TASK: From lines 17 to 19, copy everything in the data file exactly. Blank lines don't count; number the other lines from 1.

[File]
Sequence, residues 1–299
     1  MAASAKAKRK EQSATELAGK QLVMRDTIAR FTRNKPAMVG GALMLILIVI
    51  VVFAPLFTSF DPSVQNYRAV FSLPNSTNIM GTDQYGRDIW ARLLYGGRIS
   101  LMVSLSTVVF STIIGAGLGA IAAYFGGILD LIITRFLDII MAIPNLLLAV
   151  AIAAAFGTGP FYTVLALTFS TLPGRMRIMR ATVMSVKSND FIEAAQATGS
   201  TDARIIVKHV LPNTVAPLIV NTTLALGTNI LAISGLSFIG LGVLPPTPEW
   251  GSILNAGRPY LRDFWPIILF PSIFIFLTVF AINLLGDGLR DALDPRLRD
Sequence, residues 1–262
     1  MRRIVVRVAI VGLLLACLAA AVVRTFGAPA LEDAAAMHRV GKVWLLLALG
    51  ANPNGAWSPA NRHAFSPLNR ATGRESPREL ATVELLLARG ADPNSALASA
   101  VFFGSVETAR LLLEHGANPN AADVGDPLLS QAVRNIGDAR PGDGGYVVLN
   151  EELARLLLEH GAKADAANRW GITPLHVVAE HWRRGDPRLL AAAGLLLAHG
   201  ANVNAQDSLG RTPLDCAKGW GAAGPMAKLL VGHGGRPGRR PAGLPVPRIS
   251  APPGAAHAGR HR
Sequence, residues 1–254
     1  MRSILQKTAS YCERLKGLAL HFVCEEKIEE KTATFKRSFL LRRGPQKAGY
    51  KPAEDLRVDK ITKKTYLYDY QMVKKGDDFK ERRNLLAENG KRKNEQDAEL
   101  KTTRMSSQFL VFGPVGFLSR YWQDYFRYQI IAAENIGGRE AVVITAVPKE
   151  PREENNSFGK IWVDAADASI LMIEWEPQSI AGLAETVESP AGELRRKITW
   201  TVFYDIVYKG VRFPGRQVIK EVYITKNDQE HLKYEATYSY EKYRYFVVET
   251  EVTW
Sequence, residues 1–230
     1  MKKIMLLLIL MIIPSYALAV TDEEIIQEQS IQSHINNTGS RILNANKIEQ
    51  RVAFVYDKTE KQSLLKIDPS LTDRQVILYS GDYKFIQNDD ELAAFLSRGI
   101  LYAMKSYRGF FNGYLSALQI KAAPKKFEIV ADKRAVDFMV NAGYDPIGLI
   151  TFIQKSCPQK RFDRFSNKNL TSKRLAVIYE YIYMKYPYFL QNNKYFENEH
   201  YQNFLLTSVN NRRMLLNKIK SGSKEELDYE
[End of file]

    51  KPAEDLRVDK ITKKTYLYDY QMVKKGDDFK ERRNLLAENG KRKNEQDAEL
   101  KTTRMSSQFL VFGPVGFLSR YWQDYFRYQI IAAENIGGRE AVVITAVPKE
   151  PREENNSFGK IWVDAADASI LMIEWEPQSI AGLAETVESP AGELRRKITW